Wounded East Lyme soldier hopes to be home for Christmas

Walter Reed Army Medical Center in 1941

Walter Reed Army Medical Center in 1941

Dec. 5 2008

WASHINGTON- Army Spec. Alex Lozano was on a routine security detail in Baghdad three weeks ago when he suddenly felt as though he’d been hit in the stomach with a baseball bat.

It wasn’t a bat but a bullet, which pierced the torso of the 21-year old East Lyme High School graduate, eventually causing him to lose a kidney. He is now recovering at Walter Reed Army Medical Center in Washington.

“I heard the crack of the shot and I ran back to my truck and collapsed down to try and let others know that something happened because I couldn’t really talk,” Lozano said from his hospital room. “At first I knew I got hit but I didn’t know I got shot. I started to undo my vest until I saw part of my stomach and the blood on my hands.”

Lozano was shot on Nov. 13. He was flown to a military hospital in Iraq, where surgeons removed his kidney and repaired his intestines. After a few days he was flown to a military hospital in Germany, where his mother, Maria Lozana, soon met him. Two weeks ago they flew to Washington.

“I remember being put on a helicopter or something and then I don’t remember too much after that,” Lozano said. “I remember getting rolled into a surgical ward, and the next thing I know I’m in Germany.”

Lozano said he is “doing a lot better” but still has pain in his stomach, back and throat. The bullet struck him in the right side of his back and exited his front left, leaving a “half-dollar sized wound,” as his mother put it.

He began occupational therapy at the beginning of the month-with the aid of a walker and other supports-and said he hopes to be home by Christmas, depending on his progress.

“The first time he got to the door and had to come back; now he walks a couple halls [in the ward],” said his mother, a teacher in Niantic. “It’s going slowly, but it’s going.”

Lozano’s throat is sore from the feeding tube removed a few days ago. So far he’s gotten by on Jello and pudding, but he was looking forward to a vanilla milkshake and fries from the Burger King in the hospital food court.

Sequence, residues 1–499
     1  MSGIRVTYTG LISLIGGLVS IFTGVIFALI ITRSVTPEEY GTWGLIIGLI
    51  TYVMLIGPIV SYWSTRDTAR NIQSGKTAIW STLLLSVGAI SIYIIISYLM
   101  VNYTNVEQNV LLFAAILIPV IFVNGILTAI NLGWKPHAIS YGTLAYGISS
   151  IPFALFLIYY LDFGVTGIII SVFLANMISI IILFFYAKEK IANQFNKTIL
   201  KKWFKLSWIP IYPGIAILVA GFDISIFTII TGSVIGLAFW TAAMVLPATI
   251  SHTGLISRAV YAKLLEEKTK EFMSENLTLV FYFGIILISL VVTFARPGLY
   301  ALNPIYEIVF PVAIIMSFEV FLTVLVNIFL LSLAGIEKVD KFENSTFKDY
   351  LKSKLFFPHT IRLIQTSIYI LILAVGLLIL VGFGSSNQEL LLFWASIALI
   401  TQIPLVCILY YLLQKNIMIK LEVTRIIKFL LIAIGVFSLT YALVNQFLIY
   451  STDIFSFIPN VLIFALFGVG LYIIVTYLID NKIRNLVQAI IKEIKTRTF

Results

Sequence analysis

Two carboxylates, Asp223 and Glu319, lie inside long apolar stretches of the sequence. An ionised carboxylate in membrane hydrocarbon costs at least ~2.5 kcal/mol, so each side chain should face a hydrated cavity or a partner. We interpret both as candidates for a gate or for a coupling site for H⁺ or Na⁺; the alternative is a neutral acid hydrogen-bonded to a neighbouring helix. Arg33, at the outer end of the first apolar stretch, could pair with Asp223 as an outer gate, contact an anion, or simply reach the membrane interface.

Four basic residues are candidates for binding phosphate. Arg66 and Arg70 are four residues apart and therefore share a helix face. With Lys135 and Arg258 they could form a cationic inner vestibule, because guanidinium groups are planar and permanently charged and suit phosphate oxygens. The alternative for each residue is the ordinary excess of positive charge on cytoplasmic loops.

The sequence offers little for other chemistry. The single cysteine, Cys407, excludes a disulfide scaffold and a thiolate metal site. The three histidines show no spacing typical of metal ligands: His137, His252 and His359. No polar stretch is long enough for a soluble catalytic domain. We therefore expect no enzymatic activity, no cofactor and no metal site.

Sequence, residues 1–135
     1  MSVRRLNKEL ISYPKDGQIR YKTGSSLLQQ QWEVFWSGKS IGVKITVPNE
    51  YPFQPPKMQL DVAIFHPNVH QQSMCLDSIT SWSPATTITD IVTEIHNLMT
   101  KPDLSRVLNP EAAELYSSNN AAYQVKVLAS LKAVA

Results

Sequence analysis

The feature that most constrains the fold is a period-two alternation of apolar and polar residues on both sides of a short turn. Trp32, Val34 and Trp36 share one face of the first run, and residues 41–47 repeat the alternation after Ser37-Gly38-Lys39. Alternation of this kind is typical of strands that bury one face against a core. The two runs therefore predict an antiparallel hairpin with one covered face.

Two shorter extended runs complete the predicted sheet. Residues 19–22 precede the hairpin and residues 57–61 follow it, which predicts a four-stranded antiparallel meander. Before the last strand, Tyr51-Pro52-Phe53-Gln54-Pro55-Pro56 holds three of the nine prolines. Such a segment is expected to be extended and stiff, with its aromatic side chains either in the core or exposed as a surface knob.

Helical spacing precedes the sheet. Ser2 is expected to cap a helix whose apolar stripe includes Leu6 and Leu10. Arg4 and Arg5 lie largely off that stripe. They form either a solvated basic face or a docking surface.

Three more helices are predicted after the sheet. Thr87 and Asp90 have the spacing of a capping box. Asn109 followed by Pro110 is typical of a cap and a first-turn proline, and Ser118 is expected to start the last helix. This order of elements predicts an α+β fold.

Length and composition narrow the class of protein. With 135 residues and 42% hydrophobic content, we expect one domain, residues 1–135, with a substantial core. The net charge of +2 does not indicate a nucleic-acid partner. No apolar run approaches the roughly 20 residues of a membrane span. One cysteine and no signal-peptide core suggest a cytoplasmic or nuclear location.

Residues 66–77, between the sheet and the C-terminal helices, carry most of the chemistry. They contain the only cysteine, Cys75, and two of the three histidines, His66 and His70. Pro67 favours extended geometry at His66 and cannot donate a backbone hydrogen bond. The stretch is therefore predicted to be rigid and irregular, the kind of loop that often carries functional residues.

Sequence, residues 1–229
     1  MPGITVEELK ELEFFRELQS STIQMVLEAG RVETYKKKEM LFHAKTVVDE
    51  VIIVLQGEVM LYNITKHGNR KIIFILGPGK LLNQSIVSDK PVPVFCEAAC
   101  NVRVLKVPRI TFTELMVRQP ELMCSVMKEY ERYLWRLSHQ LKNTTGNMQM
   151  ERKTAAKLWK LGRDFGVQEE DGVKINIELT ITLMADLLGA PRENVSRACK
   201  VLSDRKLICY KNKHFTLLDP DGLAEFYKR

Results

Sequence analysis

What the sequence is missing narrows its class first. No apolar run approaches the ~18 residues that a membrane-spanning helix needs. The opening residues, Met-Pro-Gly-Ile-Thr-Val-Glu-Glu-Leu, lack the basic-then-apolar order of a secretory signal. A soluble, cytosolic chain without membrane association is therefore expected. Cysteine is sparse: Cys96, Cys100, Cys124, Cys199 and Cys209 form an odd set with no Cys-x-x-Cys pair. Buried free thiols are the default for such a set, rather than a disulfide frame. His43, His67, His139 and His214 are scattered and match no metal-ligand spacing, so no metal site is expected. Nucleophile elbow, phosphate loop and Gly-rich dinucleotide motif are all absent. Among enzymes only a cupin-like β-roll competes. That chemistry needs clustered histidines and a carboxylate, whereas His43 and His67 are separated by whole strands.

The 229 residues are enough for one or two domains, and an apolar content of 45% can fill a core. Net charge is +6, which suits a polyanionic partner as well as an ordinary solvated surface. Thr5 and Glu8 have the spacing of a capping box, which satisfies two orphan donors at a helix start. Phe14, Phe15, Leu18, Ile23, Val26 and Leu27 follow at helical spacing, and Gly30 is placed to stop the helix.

His mother said she hopes he’ll be well enough next weekend to take a bus tour of Washington organized by the hospital and tailored for convalescing soldiers.

In the meantime, Lozano has kept busy with leather work, a skill he picked up from his father, Phillip Lozano. As of Friday morning he had completed half of a pair of moccasins.

Lozano also has had a slew of hometown visitors, including his girlfriend of two years, Melissa Hemler, 20, who paid him a surprise visit Thursday night.

“I was scared and worried, but he’s amazing,” Hemler said of Lozano’s deployment to Iraq. “I knew he was going to be OK.”

Another visitor on Friday was Jim Barnes, the East Lyme school system’s security director, who brought with him roughly 500 get-well cards for Lozano and other wounded soldiers. Barnes knew Lozano when he was a member of the high school’s public safety club, which Barnes advises.

He joked that Lozano’s weakened voice wasn’t too much of a hurdle for the former student.

“Alex has always been soft-spoken,”‘ he said. “He’s a ‘walk softly but carry a big stick’ person-a man of few words, but good words.”

Maria Lozano said her son, who majored in criminal justice at the University of New Haven, has always been interested in law enforcement. He was a member of the East Lyme Police Explorers in high school and his father is a former Texas state trooper.

“He was making guns with little Legos in day care,” she said.

Lozano is a member of the 344th Military Police Company, which conducts joint patrols with Iraqi police and trains them. The unit includes more than 90 Army Reserve soldiers from Connecticut and Massachusetts.

They were in an area of Baghdad known for covert bombings of military vehicles; Lozano said he was at the front of a convoy when he was shot. He had been in Iraq since July, and had expected to return home in April.

As for what he’ll do back in Connecticut, Lozano, who was deployed during his sophomore year in college, said he’s not ready to look that far ahead.

“I just want to heal right now,” he said. “I’m really not thinking of anything else.”

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